• To the tomatoes, add the curry, and thyme then stir. Then add in 5 cups of liquid (the chicken stock you reserved plus more water if needed). Add the bay leaves, 1 teaspoon of salt and 2 seasoning cubes (or teaspoons of bouillon powder). Stir well then wash the rice and add to the pot. Stir well then carefully wrap the top of the pot with aluminum foil before covering with the lid of the pot. Let it cook on medium heat for about 30 minutes until the rice absorbs all the liquid and is soft.
  • When the rice is done, you might still see concentrates of tomato sauce over the rice. This is very normal. Spinke the white pepper on top then gently stir rice with a wooden spoon to combine. (See note 3)
  • Serve warm with the fried/grilled chicken on the side.


1. Chicken cooking times may vary depending on the thickness of your chicken so be sure to adjust as needed. If your chicken slices are too big, cook for a longer time.
2. Substitute the seasoning cubes with bouillon powder. 1 teaspoon per 1 cube.
3. To make your Jollof Rice tastier, place 3 tablespoons of butter in the on the rice once it is done and mix it in to melt. This takes the taste to a whole new level!
4. You can garnish with your jollof rice with carrots and peas before serving if you wish.
5. Jollof Rice might burn at the bottom when you cook it. That is perfectly okay and it learns the rice a smokey flavor that is to die for.


Calories: 792kcal | Carbohydrates: 80g | Protein: 28g | Fat: 36g | Saturated Fat: 6g | Polyunsaturated Fat: 8g | Monounsaturated Fat: 16g | Trans Fat: 0.2g | Cholesterol: 82mg | Sodium: 2694mg | Potassium: 531mg | Fiber: 3g | Sugar: 3g | Vitamin A: 2075IU | Vitamin C: 31mg | Calcium: 54mg | Iron: 4mg

Additional Info

Course: Main Course
Cuisine: Nigerian
Calories: 792
Tried this recipe?Mention @preciouscore or tag #PreciousCore!

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Cooking for yourself is one of the greatest skills you can ever learn. So learn all you can and cook all you can.

About Precious

Welcome to my core! I am Precious Nkeih, the recipe developer and writer right here on my blog, Precious Core. My goal is to show you insanely delicious recipes you can replicate in your kitchen. And I love to tell stories too. Hope you find recipes here that will make cooking easier for you! Check me out on YouTube at

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  1. Good day Aunty Precious, I have been reading for a very long time. What I love almost as much as your cooking is the way you write it. When I get my own kitchen, I will try everyone of your recipes from scratch…. I can’t wait.

  2. Not only do you pay attention to exquisite details in outlining your steps in preparation, you take out the time, energy and pains to report so elegantly on details one might consider minute. You taught me about the origin of jollof rice! I love you but I adore your kitchen haha.

  3. Hello Precious,
    Thank you for your recipes. I am from Queensland, Australia and my Girls’ Brigade Company is looking at the country Ghana. We are going to cook some of the foods from there and also learning about the country.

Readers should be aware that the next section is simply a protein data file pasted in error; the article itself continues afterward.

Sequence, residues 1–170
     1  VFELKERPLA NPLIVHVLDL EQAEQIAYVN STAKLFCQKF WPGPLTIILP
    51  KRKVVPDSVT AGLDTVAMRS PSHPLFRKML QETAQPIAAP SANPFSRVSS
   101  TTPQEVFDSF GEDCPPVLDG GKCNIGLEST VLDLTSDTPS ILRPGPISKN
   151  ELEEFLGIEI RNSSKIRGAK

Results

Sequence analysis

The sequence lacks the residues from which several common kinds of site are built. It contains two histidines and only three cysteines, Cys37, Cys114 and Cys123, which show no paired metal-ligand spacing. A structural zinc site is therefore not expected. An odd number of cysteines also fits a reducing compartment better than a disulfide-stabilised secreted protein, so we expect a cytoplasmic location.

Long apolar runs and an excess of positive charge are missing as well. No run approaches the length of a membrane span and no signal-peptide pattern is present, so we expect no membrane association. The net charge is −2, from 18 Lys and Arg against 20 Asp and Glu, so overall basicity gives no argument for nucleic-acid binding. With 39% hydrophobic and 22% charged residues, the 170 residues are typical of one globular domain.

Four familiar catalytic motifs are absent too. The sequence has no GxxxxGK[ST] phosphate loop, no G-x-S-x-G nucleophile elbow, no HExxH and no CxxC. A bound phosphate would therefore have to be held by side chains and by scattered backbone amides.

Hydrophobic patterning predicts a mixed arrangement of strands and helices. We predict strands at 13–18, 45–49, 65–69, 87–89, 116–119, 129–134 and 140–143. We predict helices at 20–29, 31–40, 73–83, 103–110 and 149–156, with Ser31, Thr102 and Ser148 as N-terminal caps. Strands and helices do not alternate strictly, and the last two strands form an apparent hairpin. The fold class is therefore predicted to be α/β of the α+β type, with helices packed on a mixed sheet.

I was wondering if you could recommend some foods could we try for afternoon tea with the girls please?


  4. Hi Miranda, cooking recipes from Ghana is such a great idea! For afternoon tea you could try these Ghanaian doughnuts:
    Or this perfect plain cake:
    Or these Ghana Chips:
    Sweet fried plantains are also a great choice. Find the recipe here:
    You could serve the plantains with African-style omelette. Find the recipe for the omelette here:

    1. Hi Precious,
      Thank you for all the great recipe sites. I thought Ghana was famous for it’s chocolate, do cook with it much?

  5. Empress,
    Your Spinach stew is outstanding!!! My cousin prepared this and I am telling you I wanted to lick the plate! Yummy yummy in my tummy. Super delicious!


  6. I haven’t made any of your recipes yet but I will in due course they all look great, I wish I had a mother with your cooking skills.

  7. The food recipes are making me hungry, I love your site, I am from an African background, born in the UK, living in the States, it’s hard to find good stores, being in a small community, I would have to go to larger city. Thanks again for your site, really encouraging, God’s blessings on all you do.

  8. Hi Precious,

    This recipe is amazing! I can’t count the amount of times I have made this now. My husband loves this too, I have made for family and friends and all really love! I love the technique of adding the curry powder to the tomato when it is frying. Really flavour-som. I also love watching your Youtube videos – you have a really lovely, positive and happy energy about you and always put a smile on my face when I am cooking.

  9. Hi Precious Core. I am a black woman -African American- from the southern USA (Charleston, SC) where we make a dish we call red rice. It is a bit like Jollof rice in that it includes rice, tomatoes, protein, oil and seasonings. I plan to try your Jollof rice recipe as it sounds divine. Once I make it I will post my results. It won’t be as good as yours because I no longer eat rice (my total weakness and most favorite food) but use a rice substitute because I started eating low carb keto 3 years ago – but I will make this dish in a keto way and hope to thoroughly enjoy it. I did the same with our red rice dish but used cauliflower rice. For Jollof rice, I will use shirataki rice. Thank you so very much for this recipe and your teachings about the history of food and peoples of Africa. I sure miss and crave the heritage and history we lost when they brought us to the shores of America during Middle Passage and thereafter.

    1. I am so glad you learned something from this post, Helen. A .low carb alternative sounds great. Please let me know how it turns out for you.